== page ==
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Arizona Museum of Natural History volunteers help unearth 'new' dinosaur

The newly discovered dinosaur is dubbed Ornatops. Scientists say it means “enchanted ornate face.”

PHOENIX — Volunteers working with the Arizona Museum of Natural History helped uncover a dinosaur believed to have roamed the earth 80 million years ago.

The newly discovered dinosaur has been dubbed Ornatops. Scientists said it means “enchanted ornate face,” which derives from the crest shape sported on the bridge of its nose.

But Andrew McDonald, the curator at the Western Science Center in California, said the dinosaur's size was equally as impressive. The Ornatops is currently being held at the Western Science Center.

“It was probably around 25 feet long. So probably one of the largest dinosaurs in its habitat, 80 million years ago,” said McDonald. 

“And it would have probably looked something like, if you can imagine, something like a big Clydesdale (horse).” 

This estimation would have made the Ornatops one of the largest dinosaurs in its habitat, according to experts. It was a also a plant eater, experts claim.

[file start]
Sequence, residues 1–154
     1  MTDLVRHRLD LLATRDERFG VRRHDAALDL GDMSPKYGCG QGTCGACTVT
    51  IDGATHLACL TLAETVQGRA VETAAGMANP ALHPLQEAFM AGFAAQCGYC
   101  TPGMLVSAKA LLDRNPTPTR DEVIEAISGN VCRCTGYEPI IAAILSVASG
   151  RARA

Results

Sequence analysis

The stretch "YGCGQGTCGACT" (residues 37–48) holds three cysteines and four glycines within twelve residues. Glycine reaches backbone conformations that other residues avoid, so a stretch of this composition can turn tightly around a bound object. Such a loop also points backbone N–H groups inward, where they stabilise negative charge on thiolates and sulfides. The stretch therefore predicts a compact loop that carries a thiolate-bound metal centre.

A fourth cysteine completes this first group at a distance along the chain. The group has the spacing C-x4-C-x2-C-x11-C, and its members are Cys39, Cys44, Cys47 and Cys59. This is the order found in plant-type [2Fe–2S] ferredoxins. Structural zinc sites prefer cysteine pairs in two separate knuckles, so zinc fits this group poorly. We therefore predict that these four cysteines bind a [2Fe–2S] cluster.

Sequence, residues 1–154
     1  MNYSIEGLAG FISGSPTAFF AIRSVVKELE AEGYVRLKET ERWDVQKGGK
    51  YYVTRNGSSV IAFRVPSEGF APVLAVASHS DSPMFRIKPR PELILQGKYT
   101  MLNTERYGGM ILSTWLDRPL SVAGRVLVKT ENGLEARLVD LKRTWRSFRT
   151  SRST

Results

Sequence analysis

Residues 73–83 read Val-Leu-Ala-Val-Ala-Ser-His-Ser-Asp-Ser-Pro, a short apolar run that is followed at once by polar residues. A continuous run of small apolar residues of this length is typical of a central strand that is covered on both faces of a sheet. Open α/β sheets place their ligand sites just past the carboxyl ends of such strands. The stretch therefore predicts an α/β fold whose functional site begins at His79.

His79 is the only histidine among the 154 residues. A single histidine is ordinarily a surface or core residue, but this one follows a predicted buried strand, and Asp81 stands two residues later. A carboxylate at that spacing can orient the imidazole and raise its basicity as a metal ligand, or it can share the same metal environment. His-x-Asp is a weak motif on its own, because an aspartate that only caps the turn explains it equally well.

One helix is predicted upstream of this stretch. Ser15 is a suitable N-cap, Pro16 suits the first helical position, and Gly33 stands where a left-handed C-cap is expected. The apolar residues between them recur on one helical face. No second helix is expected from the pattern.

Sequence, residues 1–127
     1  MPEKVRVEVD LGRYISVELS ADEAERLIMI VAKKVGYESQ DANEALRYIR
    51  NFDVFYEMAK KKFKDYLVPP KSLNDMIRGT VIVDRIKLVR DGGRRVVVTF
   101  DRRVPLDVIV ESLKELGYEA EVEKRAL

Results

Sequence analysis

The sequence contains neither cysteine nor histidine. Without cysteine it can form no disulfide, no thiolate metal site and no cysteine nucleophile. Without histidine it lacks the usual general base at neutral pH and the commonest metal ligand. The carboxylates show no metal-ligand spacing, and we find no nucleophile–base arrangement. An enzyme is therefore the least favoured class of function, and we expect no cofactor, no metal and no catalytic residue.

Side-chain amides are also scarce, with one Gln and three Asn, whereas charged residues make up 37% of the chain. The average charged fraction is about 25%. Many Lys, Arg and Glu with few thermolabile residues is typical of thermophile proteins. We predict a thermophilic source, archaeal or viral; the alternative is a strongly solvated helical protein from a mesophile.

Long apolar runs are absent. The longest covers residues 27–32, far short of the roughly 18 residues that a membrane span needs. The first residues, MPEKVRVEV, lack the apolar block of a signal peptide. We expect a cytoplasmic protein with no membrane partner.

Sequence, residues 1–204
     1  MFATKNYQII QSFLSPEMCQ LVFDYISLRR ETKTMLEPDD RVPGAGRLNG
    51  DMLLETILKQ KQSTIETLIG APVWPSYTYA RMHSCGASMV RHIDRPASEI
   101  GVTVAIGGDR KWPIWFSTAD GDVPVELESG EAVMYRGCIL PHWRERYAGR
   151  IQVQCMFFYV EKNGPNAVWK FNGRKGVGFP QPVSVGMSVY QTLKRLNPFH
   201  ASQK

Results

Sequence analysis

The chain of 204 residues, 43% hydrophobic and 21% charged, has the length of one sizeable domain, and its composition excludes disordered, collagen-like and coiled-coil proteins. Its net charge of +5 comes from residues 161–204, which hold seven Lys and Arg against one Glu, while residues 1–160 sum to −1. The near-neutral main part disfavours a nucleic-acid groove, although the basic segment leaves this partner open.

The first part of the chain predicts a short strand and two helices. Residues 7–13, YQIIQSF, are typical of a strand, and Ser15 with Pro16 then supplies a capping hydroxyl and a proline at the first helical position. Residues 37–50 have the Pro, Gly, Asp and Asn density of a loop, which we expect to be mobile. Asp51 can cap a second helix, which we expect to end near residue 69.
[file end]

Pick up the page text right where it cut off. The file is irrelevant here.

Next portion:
The discovery goes a long way in helping us better understand the ecosystem that existed tens of millions of years ago. 

The volunteer-scientists who helped come across the Ornatops said they were incredibly excited to make the discovery. 

“I remember trying to temper my enthusiasm,” said Sherman Mohler, a foundation board member of the Arizona Museum of Natural History and president of Southwest Paleontological Society.

"A lot of time these things peter out. ...[Because] I’m not the expert, I took a deep breath. And Derek rolled his ankle because I sent him running.” 

“I was so excited that I ran off the hill and nearly broke my ankle,” said Derek Hoffman, laughing. Hoffman, who is a member of the Southwest Paleontological Society, also helped make the discovery.

If you want to help the Arizona Museum of Natural History make the next big discovery, you can volunteer by going to http://swpaleosociety.com/

“One of the really coolest things is having like three generations of people out in the field. Students, mom, grandad, and they are all doing something very different,” said paleontologist Douglas Wolfe. 

“Whether its holding the end of a measuring tape or cooking or carrying water or helping put shade together, it’s just a lot of work. And it’s just a lot more fun with a lot of people. It really can't be done by one individual.”

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